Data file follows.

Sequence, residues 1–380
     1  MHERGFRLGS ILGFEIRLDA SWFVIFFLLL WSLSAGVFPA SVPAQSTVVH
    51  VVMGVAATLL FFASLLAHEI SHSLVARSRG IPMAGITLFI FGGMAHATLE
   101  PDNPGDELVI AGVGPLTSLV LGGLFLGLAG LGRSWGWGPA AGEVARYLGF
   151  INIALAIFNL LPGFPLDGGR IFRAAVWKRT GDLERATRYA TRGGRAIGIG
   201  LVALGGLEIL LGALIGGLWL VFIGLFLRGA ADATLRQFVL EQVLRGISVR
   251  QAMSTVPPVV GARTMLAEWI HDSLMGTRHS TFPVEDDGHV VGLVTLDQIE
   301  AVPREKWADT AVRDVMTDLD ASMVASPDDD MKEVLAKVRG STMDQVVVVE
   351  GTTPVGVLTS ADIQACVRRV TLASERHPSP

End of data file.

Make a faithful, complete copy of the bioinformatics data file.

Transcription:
Sequence, residues 1–380
     1  MHERGFRLGS ILGFEIRLDA SWFVIFFLLL WSLSAGVFPA SVPAQSTVVH
    51  VVMGVAATLL FFASLLAHEI SHSLVARSRG IPMAGITLFI FGGMAHATLE
   101  PDNPGDELVI AGVGPLTSLV LGGLFLGLAG LGRSWGWGPA AGEVARYLGF
   151  INIALAIFNL LPGFPLDGGR IFRAAVWKRT GDLERATRYA TRGGRAIGIG
   201  LVALGGLEIL LGALIGGLWL VFIGLFLRGA ADATLRQFVL EQVLRGISVR
   251  QAMSTVPPVV GARTMLAEWI HDSLMGTRHS TFPVEDDGHV VGLVTLDQIE
   301  AVPREKWADT AVRDVMTDLD ASMVASPDDD MKEVLAKVRG STMDQVVVVE
   351  GTTPVGVLTS ADIQACVRRV TLASERHPSP